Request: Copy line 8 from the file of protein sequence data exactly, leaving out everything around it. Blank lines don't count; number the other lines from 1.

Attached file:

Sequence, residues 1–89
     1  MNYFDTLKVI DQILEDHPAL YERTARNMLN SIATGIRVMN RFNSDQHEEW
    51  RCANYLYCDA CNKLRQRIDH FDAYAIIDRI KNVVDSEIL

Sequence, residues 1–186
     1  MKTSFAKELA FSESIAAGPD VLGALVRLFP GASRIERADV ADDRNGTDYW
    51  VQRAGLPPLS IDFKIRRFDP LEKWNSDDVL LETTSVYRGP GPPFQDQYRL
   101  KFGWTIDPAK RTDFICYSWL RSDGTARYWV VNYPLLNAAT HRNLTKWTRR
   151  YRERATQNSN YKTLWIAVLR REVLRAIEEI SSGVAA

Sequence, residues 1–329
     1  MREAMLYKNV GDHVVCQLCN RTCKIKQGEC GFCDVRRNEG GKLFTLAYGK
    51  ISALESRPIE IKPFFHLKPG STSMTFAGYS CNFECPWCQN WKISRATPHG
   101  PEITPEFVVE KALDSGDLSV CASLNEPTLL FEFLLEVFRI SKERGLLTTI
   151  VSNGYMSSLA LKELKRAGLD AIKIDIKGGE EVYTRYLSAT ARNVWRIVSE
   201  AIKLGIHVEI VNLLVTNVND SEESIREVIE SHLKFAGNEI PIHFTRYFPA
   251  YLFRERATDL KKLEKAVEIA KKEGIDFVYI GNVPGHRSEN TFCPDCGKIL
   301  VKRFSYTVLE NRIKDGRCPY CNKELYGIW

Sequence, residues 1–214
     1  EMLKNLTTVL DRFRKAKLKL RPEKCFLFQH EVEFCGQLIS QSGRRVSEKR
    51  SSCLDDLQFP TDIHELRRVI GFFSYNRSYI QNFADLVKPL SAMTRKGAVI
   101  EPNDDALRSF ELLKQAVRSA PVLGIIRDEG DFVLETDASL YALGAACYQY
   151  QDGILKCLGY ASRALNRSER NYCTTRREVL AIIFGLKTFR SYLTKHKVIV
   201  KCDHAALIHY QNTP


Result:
   151  YRERATQNSN YKTLWIAVLR REVLRAIEEI SSGVAA